We could tell you the story about how many times we have been told we need a man in the room when speaking with investors, or about the big production company executives that coined us the “weed girls,” to which Kendall responded that she hadn’t in fact been a girl in a very long time.

There is always drama in the world of an entrepreneur. In the age of #Metoo and Times Up, you aren’t only starting a company, you are involved in moments of re-education. It’s fighting small battles constantly, to create a more equitable experience for the person who comes after you, and it’s totally worth it.

Many people cautioned us away from creating a company together because we are such close friends, but it has proven to be an incredible strength. We have deep understanding and respect for one another, and are invested in our unified and individual successes. We delight in the days we get to all be on set, exploring the many facets of our creative selves together, and we find the product is better for it as well.

We screened our Ellen Ochoa episode, narrated by Co-Founder, Annette Mia Flores, and played by Roberta Colindrez of I Love Dick, Vida, and newly, A League of Their Own. After the screening, a Latina woman with tears in her eyes hugged Annette and thanked her for telling Ellen’s story. She’d once dreamt of being an astronaut, but followed a more “realistic” path. “If I had heard  this kind of story, maybe my life would have been different. It would feel less impossible,” she told us.

We released a couple proof of concept episodes 3 years ago, and they got so much positive attention, that we officially started filming the full first season 2 years ago. Cannabis has become so much more mainstream in the last couple years. Those who thought we were crazy for filming women smoking are beginning to see that we have  been creating a platform of shows that offer lucrative advertising opportunities for cannabis brands in mainstream media.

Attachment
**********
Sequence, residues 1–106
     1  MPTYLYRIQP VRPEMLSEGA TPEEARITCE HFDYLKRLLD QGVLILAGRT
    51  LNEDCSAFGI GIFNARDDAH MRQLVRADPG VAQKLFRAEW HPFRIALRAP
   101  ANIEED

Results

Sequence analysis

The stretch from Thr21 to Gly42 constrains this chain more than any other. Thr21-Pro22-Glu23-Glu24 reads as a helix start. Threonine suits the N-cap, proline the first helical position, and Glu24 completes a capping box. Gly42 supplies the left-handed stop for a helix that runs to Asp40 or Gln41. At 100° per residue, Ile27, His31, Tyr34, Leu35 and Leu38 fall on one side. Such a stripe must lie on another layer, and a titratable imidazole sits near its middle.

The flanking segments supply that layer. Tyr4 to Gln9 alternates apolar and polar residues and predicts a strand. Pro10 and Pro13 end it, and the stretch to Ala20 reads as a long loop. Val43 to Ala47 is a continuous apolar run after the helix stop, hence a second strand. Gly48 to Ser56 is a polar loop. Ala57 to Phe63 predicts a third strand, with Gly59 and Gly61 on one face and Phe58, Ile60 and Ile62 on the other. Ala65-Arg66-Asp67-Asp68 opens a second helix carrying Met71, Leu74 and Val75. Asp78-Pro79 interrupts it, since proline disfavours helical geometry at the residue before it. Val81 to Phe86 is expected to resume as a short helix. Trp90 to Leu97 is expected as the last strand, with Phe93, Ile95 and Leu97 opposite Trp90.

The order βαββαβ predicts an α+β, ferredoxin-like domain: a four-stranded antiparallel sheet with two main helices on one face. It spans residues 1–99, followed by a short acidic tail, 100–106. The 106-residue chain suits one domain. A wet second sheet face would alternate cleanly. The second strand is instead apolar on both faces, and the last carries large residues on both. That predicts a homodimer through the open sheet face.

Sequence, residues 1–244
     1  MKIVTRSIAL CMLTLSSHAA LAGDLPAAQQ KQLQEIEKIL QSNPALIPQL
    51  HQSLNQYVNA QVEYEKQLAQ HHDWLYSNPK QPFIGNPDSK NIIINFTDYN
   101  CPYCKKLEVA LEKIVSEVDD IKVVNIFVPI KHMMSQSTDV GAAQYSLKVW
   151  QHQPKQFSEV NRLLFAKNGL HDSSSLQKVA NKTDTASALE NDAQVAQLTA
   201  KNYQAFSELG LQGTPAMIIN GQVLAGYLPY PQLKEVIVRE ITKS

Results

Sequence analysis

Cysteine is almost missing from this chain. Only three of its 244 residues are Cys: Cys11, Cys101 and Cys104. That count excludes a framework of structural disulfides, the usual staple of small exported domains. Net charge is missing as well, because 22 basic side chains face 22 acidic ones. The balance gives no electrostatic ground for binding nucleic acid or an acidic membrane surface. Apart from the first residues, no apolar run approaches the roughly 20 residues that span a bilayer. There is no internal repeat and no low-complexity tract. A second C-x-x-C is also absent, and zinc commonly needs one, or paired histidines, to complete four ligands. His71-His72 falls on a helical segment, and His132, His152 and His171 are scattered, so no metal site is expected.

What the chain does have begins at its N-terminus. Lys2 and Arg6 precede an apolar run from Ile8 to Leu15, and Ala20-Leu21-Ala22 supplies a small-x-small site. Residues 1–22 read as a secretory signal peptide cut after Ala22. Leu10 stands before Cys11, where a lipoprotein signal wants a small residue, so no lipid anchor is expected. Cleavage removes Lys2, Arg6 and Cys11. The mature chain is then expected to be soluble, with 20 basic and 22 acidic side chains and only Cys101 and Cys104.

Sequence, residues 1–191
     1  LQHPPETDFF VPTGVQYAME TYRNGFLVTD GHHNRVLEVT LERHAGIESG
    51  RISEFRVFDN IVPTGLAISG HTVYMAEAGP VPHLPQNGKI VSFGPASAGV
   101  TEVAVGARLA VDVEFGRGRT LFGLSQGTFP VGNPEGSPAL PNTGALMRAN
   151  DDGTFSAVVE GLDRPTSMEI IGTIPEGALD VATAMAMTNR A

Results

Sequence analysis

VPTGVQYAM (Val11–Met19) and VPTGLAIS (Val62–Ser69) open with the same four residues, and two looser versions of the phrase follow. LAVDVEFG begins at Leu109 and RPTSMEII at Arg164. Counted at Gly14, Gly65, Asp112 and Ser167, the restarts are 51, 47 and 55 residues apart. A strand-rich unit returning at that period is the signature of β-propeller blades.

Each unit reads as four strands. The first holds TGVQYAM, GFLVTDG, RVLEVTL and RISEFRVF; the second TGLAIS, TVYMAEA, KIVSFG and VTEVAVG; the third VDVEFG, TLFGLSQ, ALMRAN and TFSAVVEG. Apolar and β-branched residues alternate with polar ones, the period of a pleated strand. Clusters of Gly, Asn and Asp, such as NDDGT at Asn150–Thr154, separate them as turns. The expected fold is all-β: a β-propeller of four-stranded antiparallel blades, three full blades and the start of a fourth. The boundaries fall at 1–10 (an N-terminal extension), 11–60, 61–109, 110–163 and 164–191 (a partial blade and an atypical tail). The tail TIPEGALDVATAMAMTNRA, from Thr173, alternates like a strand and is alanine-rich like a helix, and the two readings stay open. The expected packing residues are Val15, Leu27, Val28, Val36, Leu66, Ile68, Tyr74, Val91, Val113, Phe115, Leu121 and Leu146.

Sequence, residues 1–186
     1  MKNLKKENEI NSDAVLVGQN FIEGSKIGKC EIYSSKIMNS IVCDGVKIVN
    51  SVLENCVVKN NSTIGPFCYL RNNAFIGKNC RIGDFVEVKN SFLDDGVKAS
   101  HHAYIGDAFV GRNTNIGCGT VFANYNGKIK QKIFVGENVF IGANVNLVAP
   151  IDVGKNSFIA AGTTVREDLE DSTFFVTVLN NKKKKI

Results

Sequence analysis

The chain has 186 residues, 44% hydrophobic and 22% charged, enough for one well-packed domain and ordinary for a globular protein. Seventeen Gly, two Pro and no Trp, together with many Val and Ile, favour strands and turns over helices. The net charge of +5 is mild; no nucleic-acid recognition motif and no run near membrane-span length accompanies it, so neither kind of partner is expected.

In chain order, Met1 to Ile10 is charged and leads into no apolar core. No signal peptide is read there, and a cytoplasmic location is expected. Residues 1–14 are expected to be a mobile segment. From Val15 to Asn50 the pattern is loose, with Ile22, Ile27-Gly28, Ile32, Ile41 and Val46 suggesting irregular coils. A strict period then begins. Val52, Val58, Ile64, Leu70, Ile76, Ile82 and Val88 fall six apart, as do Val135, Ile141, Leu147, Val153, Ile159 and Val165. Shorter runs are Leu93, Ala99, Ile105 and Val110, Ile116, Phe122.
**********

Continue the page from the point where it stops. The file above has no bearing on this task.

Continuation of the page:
Can you share a story about the funniest mistake you made when you were first starting? Can you tell us what lesson you learned from that?

Regulating high talent while shooting all day is not for the faint of heart.

When Kendall was setting the sesh trays out for our story tellers, she offered smokables and edibles, letting the cast choose based on preference and dose. Even though it was clearly communicated that the cookies were medicated, we found out that once stoned, the munchies would kick in, and the nearest cookie would get eaten no matter what. This resulted in some very stoned ladies who raided crafty and found themselves with purses full of snacks.